What's Your SEO Score?
Enter any webpage or website URL and see how optimized it is for targeted key phrase.
We will email your SEO report shortly.
3 Key Business Predictions for 2015
With 2014 wrapping up, entrepreneurs are looking to 2015 business and economy predictions to prepare their companies. This year is wrapping up with low interest rate, low energy costs (gas is actually below $3 in some parts of Chicago as of publication), and rising housing prices. Regardless of which industry you operate in, this is good news for all businesses depending on the U.S. economy, which is everyone in the country and many foreign businesses as well.
The unstable political climate around the world and fluctuating commodity prices have a large impact on currency values, international trade, and other factors that affect small businesses in the U.S. Here are some volatile situations to watch for 2015:
- The U.S. military and international armed forces are back in the Middle East fighting ISIL.
- Russia’s instability is multidimensional - declining oil prices, global sanctions due to the Ukrainian conflict (and many world leaders believe that Russia is still involved), plummeting currency value, and internal political turmoil. Credit rating agency Moody’s recently downgraded Russian debt, and the cost of insuring this debt doubled over the past year). Russia has previously defaulted on a debt and another default could ripple through the global economy.
- Interest rates are expected to rise in 2015, which can lower consumer spending and corporate capital investment.
- Although the U.S. is experiencing economic growth, Europe and China are still in the middle of a significant slowdown.
Going into 2015, here are three key economic and business predictions for small businesses and international economies alike.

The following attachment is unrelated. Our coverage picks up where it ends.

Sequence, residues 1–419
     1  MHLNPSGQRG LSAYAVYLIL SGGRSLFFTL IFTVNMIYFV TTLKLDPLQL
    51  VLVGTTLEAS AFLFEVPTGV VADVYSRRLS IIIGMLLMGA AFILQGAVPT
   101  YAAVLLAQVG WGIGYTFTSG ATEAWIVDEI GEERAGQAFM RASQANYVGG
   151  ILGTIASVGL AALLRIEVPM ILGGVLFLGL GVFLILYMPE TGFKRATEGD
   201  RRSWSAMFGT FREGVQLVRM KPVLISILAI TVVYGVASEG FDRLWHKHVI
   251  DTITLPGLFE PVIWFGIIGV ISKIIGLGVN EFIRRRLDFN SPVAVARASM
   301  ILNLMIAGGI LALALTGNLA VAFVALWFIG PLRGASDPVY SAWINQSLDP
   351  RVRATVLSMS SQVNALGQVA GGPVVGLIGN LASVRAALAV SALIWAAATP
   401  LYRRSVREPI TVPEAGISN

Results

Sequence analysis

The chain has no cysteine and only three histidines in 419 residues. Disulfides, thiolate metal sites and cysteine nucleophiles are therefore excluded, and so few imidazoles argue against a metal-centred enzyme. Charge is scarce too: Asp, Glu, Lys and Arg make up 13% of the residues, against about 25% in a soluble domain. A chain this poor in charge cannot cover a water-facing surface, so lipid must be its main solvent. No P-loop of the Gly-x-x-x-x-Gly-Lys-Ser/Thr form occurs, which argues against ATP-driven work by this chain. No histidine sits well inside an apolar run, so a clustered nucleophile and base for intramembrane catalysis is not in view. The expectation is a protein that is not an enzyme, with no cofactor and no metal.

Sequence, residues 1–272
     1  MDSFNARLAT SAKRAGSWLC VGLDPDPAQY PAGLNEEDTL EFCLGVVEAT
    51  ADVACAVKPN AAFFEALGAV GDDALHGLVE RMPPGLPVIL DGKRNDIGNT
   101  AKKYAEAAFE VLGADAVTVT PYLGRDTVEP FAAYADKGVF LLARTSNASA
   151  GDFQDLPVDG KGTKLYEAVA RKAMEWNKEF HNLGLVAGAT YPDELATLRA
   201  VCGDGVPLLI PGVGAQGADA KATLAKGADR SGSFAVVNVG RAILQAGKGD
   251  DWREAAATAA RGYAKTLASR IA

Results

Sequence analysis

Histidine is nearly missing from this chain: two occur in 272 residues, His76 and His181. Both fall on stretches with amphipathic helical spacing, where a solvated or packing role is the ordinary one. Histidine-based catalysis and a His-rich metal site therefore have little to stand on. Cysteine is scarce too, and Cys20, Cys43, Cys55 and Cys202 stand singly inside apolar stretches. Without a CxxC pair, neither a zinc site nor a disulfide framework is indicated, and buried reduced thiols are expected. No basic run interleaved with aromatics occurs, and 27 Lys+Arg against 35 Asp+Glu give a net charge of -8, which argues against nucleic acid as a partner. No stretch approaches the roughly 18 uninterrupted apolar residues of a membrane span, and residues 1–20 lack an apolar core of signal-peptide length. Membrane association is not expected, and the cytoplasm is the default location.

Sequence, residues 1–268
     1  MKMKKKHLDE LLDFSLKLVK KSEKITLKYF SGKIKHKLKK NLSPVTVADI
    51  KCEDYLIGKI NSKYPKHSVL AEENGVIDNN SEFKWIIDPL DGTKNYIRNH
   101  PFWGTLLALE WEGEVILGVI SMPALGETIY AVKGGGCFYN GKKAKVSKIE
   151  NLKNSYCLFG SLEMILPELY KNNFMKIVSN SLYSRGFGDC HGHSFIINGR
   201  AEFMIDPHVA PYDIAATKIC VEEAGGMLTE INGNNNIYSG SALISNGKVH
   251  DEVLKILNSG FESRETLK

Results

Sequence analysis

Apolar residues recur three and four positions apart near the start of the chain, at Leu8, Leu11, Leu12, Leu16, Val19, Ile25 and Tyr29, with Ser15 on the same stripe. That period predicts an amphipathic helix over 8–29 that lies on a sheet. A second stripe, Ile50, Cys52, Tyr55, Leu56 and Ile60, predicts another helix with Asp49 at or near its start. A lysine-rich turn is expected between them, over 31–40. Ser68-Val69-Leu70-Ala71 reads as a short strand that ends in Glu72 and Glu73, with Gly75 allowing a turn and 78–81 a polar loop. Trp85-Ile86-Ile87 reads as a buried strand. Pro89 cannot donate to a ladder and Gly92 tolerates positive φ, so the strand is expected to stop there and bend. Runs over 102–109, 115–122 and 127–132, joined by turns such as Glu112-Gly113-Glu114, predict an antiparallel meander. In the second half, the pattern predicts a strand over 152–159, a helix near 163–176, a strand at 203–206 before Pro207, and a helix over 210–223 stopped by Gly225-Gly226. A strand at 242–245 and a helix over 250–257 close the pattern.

1. Rising interest rates
Interest rates are expected to increase over 2015 and this will restrict access to low-cost capital. The economic growth we saw in the U.S. during 2014 was fueled in part by low interest rates and from homeowners mortgaging their homes. In 2015, banks will have increased capital requirements, which also decrease the availability of loans (debt). The economy works like dominoes - one factor affects everything.
Rising interest rates will slow home financing and that hits consumer spending, which then slows national economic growth. This can be mitigated by low energy costs in the short-term.
2. Energy availability and price volatility
Many countries depend on oil royalty revenues to keep their economies afloat so a decline here means slowed economic growth for oil-producing countries, which will have an increasing effect on the U.S. In the summer of 2014, the U.S. exported its first barrels of oil in decades, heading for South Korea. OPEC met last month and decided not to cut their output, which collapsed oil prices around the world.
This is expected to be less of a threat because energy prices should recover in 2015, as the U.S. will bank its oil reserves to earn more on them later. Oil production from both OPEC and non-OPEC countries is not expected to decrease, but traders will likely be hedging and buying oil futures at low prices, which forces prices to rise.
Outsourcing is among consumers and businesses, and this will only increase in 2015. Time is money - people have conducted cost-benefit analysis and they found that outsourcing personal services is the way to go. These services include meal, laundry, and grocery delivery, but there are countless varieties of courier services. Business operating in this space will see booming revenues.
Businesses are also outsourcing tasks in order to streamline operations. Many companies, particularly small businesses, are refocusing on their core functions and outsourcing duties like accounting, marketing, human resources, and manufacturing. Outsourcing will be a fast-growing industry in 2015.
Thought Leadership - Pay-Per-Success
One of our sponsors, rolled out a Thought Leadership Pay-Per-Success for MeetAdvisors community.
Your expertise & your start-up's perspective could appear in: